The software is ready to download and use. It will assist you to read and pronounce Gurbani correctly. Each word when read and pronounced is highlighted at the same time. If you wish to stop at any world, you can readily do so. You can also go back and forth on the text. You can change the color of the text and its background. You can change the font and its size.
Besides a variety of Gurmukhi fonts, you may use Hindi fonts and even Urdu fonts. Thus you can share the Guru Granth with your Indian and Pakistani friends.
With this new software, you can select different banis and pages of SGGS you like to recite. It will help you reciting your Nitnem.
There are some exegeses of Gyani Jachak on the same web site that you may take advantage of. There is excellent search engine that will find any word of interest and its pronunciation at the same time.
How about projecting the SGGS pages on the screen during the akhand paath so that the audience sangat can get something out of it. Yes, traditionalists may oppose it in the beginning because the recitation through this software takes nearly 100 hours instead of traditional 48 hours of Akhand Paath recital. But, in time, the faithful may succeed in modifying the tradition in favor of benefiting the sangat.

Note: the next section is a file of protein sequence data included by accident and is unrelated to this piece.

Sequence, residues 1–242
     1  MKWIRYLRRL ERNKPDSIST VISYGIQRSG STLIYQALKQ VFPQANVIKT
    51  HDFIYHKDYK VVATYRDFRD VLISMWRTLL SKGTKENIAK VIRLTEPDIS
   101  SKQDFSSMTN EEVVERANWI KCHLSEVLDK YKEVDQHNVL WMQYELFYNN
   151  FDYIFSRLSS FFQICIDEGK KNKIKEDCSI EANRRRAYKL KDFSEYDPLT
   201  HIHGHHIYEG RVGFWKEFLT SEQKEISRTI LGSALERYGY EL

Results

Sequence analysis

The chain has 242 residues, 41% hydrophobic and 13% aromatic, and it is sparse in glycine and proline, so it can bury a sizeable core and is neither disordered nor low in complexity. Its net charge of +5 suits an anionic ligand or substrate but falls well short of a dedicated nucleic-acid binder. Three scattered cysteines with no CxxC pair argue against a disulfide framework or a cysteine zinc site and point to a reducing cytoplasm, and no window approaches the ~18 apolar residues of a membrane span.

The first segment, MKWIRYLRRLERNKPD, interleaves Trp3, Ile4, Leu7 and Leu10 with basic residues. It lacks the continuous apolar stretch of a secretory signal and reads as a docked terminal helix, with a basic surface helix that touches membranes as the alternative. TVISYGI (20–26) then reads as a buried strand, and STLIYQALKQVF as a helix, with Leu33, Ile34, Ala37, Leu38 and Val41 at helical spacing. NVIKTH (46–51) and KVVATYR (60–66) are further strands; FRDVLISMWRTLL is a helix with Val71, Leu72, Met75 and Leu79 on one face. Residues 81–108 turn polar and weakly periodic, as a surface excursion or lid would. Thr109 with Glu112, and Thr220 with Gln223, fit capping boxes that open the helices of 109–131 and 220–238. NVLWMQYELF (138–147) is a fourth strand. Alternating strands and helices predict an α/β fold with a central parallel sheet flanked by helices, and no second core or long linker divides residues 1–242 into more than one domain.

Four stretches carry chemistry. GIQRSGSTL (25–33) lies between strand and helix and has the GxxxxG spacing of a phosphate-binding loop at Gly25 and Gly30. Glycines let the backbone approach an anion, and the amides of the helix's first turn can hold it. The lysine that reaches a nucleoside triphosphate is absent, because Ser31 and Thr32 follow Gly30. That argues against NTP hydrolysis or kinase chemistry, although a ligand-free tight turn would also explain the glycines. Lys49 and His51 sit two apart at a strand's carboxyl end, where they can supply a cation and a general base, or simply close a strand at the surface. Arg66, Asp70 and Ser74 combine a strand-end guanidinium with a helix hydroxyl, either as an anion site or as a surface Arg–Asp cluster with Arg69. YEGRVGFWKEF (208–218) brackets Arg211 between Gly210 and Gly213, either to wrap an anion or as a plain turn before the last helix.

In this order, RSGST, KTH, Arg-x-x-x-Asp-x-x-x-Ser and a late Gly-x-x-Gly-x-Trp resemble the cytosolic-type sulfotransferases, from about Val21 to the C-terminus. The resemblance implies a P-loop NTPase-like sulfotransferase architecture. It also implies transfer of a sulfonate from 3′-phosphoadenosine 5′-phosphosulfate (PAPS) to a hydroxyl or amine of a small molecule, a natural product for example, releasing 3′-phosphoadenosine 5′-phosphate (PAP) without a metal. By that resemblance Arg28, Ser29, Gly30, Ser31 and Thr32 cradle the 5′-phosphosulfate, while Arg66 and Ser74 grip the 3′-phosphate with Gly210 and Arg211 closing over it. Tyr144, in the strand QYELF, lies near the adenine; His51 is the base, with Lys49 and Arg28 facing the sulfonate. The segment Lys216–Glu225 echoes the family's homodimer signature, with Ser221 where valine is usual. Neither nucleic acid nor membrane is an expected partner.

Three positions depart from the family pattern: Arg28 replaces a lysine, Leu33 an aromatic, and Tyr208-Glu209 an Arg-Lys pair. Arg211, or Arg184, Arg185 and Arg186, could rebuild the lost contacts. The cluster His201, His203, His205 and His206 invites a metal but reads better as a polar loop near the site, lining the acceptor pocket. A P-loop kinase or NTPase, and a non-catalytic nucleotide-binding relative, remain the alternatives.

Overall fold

Sardar Purewal is working presently on the next version where you may click on any word that is being read and being recited to connect it to various dictionaries to instantly learn the meaning of the same word.
To me it is a breakthrough and a challenge to distribute it widely so that our new generation can take advantage immediately.
Best for the last.
To download the software and the program please go to the web site http://www.ektuhi.com and download various tools at no cost. It is all free through the courtesy of Sardar Satpal Singh Purewal.
Purewal Sahib, the community will salute you and remember you from the deep of their heart for this priceless gift. We will be looking forward to your next version also.
This article was originally published on Sikh Chic
All photos in the article are by Gurumustuk Singh.